I am somewhat confused regarding the PANWA situation - this is an understatement!
I believe that HINWA have required that PANWA be shutdown. Hopefully PANWA members have been given an opportunity to engage with HINWA.
Sorry to add to any confusion - but I am where I am!
Cllr Bob Ayer
|Sometime overnight on the 21/03/2018 to 22/03/2018, there has been a burglary reported to police. The incident took place at the allotments on WATERWORKS ROAD, PETERSFIELD. Person's Unknown have broken into a number of allotment sheds and various items have been stolen.
If you have any information about this occurrence please call 101 and quote the following reference number: 44180106636
Please ensure that your property is kept locked and secure at all times. If you are away from your property for a long period it is a good idea to get a neighbour to keep an eye on your property until your return.
Please follow the below link for crime prevention advice regarding keeping your homes secure:
Please check your belongings to see if you can identify any unique etched code if so please sign up to immobilise at www.immobilise.com a national property register, this is free to sign up.
Please ensure you are vigilant at all times, calling police to report any suspicious activity, not just around your own property but anything suspicious in your residential area and community. In an emergency use 999 or 101 for non emergency. It is not too late to report any suspicious activity to police.
Message Sent By
We are today warning young people about a new and growing fraudulent scam – predominantly targeting students – called credit muling.
People are being targeted online on social media platforms by job adverts. This is normally on Facebook but we have also had reports using Snapchat and other social media apps. The majority of victims we have encountered in Hampshire have been university students.
How it works:
The victim responds to the advert online and is advised that they need to meet their would-be manager and that they are also required to undergo a credit check. A small deposit of money is placed in the victim’s account to confirm they have an active bank account.
Victim is then advised they need to obtain a business mobile phone contract. They are told to go to a mobile phone shop and take out a new phone contract in their name, using their personal details.
The suspects go with the victims to the shop and wait outside. Once the phone has been obtained, it is handed over to the scammer who then has a phone to use registered in their name together with the victims’ personal details - which can be used to commit identity fraud.
This crime has been reported across the country and is typically part of a broader organised crime operation.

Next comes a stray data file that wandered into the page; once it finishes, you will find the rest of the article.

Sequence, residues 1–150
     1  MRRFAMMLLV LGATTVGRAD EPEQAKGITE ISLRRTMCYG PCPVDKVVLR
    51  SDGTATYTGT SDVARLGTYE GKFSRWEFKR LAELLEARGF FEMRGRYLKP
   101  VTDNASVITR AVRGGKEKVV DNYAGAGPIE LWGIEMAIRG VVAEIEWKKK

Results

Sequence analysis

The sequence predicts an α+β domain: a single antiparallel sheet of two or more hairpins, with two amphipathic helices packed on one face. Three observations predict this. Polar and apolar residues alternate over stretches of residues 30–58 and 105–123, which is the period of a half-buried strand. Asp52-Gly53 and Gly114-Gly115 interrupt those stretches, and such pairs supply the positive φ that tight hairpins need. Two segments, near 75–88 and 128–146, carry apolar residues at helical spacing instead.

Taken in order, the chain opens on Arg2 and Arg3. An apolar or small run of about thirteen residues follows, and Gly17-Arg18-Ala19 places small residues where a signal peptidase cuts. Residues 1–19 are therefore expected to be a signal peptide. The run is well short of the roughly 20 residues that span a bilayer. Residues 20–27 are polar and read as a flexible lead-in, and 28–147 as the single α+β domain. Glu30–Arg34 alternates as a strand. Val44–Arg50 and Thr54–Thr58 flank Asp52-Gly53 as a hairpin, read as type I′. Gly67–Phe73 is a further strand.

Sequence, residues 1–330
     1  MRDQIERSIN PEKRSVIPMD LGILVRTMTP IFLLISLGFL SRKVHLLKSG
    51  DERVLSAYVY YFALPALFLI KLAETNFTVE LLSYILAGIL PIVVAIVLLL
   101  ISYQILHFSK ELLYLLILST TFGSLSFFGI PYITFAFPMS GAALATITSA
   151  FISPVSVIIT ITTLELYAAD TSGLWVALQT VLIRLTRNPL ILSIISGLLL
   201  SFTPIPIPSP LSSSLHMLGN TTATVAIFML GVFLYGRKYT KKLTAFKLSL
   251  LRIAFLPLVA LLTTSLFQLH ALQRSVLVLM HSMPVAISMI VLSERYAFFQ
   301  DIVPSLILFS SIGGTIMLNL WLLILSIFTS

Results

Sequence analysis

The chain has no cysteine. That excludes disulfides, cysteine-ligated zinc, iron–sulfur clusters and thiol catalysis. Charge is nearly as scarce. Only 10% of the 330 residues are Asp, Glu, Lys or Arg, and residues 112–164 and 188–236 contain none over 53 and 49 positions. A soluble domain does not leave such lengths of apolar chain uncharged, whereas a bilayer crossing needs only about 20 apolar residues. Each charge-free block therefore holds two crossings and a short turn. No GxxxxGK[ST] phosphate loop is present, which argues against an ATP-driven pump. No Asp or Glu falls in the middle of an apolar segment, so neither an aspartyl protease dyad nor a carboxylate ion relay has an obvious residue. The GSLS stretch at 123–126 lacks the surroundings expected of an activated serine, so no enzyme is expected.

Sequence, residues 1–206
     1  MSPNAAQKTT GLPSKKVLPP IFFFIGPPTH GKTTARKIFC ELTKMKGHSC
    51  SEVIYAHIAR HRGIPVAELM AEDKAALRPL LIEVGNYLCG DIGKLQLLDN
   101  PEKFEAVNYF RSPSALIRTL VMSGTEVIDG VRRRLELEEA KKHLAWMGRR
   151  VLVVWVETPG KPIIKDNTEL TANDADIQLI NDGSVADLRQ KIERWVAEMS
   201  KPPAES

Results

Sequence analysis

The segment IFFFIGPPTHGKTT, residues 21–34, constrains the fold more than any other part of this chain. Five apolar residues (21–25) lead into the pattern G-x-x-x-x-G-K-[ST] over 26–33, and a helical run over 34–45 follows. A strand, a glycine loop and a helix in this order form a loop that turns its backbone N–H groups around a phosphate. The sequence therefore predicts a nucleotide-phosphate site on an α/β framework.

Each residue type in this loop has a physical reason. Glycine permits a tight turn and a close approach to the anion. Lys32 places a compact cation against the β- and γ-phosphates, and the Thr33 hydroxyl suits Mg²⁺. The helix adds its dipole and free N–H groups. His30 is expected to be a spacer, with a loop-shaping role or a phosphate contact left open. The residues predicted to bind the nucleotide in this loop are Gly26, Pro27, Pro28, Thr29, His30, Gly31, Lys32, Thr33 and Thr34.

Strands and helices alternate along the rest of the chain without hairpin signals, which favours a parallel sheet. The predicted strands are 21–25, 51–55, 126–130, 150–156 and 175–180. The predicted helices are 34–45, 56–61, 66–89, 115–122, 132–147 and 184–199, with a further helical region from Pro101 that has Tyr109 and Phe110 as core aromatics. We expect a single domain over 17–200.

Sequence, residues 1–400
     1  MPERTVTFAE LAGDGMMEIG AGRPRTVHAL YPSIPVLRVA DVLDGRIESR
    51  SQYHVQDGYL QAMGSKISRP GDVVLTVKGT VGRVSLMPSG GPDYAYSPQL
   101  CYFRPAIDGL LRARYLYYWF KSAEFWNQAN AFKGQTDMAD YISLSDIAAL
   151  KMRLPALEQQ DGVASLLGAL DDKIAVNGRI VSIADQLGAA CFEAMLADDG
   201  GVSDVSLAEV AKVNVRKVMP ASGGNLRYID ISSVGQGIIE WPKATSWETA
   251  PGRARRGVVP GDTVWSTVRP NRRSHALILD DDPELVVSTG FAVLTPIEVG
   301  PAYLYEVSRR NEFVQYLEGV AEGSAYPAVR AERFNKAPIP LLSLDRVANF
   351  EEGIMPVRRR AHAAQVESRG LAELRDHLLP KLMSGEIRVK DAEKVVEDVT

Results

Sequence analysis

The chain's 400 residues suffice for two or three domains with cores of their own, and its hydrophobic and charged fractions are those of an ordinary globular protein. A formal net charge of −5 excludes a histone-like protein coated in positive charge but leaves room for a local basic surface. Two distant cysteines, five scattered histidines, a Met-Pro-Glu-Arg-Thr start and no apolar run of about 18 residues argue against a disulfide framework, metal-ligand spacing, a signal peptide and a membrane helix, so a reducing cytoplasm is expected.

How to protect yourself:
- Only seek employment opportunities from reputable employment agencies or direct job recruitment posts on official company websites;
- Never assume any job advert on social media is genuine. Always take time to verity any information that you see. Trust your instincts – if it sounds too good to be true, it often is;
- Potential employers would never ask you to receive funds into your bank account to check the credit worthiness of your bank or ask you to purchase high value items for them in your name;
- Your debit or credit card is yours – don’t let a stranger take it off you. You should only ever have to hand it over at your bank. If it’s cancelled, you should destroy it yourself.
How to spot the signs of a credit muling scam:
- Someone contacts you on social media or in person offering employment or a quick and easy way to make some money;
- Someone asking you to meet the manager in the street without going through any formal application or job recruitment process;
- Somebody offering to pick you up or asking you to take them to mobile phone or other shops;
- Someone asking for your bank details and offering to transfer money into your account in order for you to take out mobile phone contracts;
- Someone asking you for your banking and other personal information;
- Someone asking you to hand over your phone and wallet;
- Someone asking you to purchase high value items in your name for them.
How to report it:
- If suspects are near-by or have recently been with you, you should report this by calling the police on 999 or 101;
- If you think you have been a victim of this type of crime in the past you can report it to Action Fraud at www.actionfraud.police.uk or by calling 0300 123 2040, text phone 0300 123 2050.
For further info and alerts on cyber-enabled frauds, please follow on Twitter @HCCyberProtect and @ActionFraudUK